I don’t have any (but would like some) experience with the SoundDevices Mixpre-3, but they’re not really available in Europe and… “kind of” expensive. Just in case you were wondering if there’s something better: With audio, there always is.
If you decide to go the XLR route and want to record onto your PC, you’ll need an interface.
Hands down, I think the Tascam US-2x2 is great. Jason thinks so too, as well as the Wirecutter. Who’d be arguing against this? It’s 125€.
A little more color on the US-2x2: The microphone preamps are one class up (“Ultra-HDDA”) from the ones in the DR-60D MkII (“HDDA”). As an interface connected to your PC it’s not as portable. Have your priorities in order and make a decision, both are great picks.
If it fits your room at all, I recommend mounting your microphone on a stand. The Røde PSA1 is nice, but not suited for lighter microphones in my experience.
I’m happier with the K&M 23850, but only after modding the thread that screws to the microphone holder. The piece of metal that holds the screw is just wedged in between two non-circular pieces, making it not react well to little adjustments. I fixed it with two shims.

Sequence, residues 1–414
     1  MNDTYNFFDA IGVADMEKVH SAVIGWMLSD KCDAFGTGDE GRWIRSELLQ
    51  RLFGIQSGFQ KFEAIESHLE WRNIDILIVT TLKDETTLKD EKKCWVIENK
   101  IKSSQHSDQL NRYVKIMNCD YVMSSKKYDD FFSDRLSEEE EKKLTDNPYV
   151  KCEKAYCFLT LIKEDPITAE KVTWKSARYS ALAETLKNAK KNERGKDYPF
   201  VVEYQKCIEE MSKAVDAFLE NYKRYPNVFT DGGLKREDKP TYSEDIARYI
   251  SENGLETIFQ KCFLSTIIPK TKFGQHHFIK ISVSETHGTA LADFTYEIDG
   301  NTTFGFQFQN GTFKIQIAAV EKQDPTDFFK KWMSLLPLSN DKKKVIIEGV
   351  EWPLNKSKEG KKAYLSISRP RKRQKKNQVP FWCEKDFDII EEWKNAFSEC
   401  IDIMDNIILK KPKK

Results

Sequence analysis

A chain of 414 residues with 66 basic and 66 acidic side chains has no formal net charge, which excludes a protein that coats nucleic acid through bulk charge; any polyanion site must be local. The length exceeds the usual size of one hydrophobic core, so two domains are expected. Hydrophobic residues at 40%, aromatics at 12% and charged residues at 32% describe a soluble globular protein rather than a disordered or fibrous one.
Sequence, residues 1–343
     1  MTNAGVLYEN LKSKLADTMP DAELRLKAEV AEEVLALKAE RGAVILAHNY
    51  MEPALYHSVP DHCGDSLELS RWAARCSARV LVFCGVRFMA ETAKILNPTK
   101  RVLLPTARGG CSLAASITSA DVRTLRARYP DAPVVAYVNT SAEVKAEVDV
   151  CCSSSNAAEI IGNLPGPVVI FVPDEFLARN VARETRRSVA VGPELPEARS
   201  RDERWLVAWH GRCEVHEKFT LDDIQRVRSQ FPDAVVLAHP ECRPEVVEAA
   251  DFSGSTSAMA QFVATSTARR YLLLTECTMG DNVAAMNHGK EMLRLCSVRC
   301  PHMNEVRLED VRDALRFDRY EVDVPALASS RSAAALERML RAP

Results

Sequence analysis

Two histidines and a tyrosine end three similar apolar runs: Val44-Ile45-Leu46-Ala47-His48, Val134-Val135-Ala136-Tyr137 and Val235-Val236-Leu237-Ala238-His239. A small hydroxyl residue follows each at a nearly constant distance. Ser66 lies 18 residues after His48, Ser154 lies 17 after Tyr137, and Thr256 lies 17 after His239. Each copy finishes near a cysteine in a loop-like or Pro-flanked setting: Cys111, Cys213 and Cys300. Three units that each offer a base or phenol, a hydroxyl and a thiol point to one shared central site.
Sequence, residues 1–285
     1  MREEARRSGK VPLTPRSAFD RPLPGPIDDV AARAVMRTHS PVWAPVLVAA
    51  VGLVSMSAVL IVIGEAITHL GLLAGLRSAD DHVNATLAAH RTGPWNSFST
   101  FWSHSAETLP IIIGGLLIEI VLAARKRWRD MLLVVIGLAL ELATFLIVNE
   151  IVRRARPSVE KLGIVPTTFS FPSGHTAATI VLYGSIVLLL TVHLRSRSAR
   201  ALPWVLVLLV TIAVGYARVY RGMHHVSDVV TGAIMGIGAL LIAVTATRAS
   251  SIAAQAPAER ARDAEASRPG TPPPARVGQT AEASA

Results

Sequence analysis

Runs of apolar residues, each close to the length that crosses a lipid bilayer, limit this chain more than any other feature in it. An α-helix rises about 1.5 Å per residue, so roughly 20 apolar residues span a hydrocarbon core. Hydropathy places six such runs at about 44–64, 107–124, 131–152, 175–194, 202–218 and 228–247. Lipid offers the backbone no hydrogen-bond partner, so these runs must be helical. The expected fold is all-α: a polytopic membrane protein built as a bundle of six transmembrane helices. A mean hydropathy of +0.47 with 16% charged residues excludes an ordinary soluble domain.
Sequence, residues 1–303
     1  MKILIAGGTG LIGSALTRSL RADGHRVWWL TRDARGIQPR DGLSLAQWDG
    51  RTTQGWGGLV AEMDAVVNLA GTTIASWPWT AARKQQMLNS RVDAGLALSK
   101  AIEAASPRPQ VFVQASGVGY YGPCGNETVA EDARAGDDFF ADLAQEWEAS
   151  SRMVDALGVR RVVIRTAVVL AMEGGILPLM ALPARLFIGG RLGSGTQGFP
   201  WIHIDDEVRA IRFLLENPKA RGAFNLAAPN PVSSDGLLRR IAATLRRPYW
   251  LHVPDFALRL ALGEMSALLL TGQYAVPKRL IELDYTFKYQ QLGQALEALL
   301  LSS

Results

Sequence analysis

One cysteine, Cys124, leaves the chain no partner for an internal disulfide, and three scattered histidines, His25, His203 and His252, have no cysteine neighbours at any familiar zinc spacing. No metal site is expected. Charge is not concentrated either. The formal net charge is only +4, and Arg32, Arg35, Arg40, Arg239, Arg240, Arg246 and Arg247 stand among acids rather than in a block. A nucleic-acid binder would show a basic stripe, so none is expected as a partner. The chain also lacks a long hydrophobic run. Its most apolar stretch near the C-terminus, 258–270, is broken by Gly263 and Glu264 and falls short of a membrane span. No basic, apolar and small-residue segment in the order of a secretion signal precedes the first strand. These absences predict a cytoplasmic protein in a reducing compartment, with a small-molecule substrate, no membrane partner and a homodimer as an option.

From full-on DAWs to some nice little apps, there’s a lot that can help you in creating your podcast.
Logic Pro X, 200€
I use Apple’s Logic Pro X. It’s definitely not the best tool for podcasts, but it’s what I ended up with. Further down I’ll name a few apps that fit the bill better.
LPX is built for music, and it shows. But can do some rearranging to make it better suited for podcast editing. Brett Terpstra has a nice blogpost on UI Tweaks, strip silence, presets, key commands, and ripple delete(!).
Chase Reeves covers some of the same ground on YouTube, I found his angle useful as well.
In case you end up using Logic: Strip Silence is a great feature. It removes the area of a specific track where nothing happens anyway. This makes it very efficient to deal with gaps in a recording. Sometimes I have to chop up a sentence or even a single word – but most of the time, after applying this feature, I just move around whole sections.